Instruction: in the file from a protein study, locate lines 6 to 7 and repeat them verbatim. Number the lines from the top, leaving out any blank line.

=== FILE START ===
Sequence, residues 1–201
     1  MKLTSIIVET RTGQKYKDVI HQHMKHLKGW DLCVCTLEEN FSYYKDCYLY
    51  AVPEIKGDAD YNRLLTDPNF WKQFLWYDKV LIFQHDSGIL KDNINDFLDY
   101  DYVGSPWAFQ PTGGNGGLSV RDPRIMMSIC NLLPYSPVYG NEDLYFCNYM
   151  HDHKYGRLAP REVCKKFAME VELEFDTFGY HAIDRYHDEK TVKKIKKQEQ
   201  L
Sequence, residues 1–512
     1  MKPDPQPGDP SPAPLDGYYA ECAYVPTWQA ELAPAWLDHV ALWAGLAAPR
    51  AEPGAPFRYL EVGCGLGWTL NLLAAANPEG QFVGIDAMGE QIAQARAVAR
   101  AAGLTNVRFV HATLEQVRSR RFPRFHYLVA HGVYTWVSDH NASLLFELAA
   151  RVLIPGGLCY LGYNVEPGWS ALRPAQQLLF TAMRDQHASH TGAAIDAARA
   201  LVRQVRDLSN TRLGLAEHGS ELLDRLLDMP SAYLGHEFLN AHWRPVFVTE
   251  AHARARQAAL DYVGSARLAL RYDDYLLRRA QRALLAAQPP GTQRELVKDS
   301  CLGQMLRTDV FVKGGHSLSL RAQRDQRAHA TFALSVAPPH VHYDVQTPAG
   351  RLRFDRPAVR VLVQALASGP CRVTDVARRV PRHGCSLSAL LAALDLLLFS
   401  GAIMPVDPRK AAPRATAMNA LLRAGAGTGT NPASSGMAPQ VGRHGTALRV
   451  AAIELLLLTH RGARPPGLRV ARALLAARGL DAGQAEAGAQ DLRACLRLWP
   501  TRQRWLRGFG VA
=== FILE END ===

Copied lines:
   201  L
Sequence, residues 1–512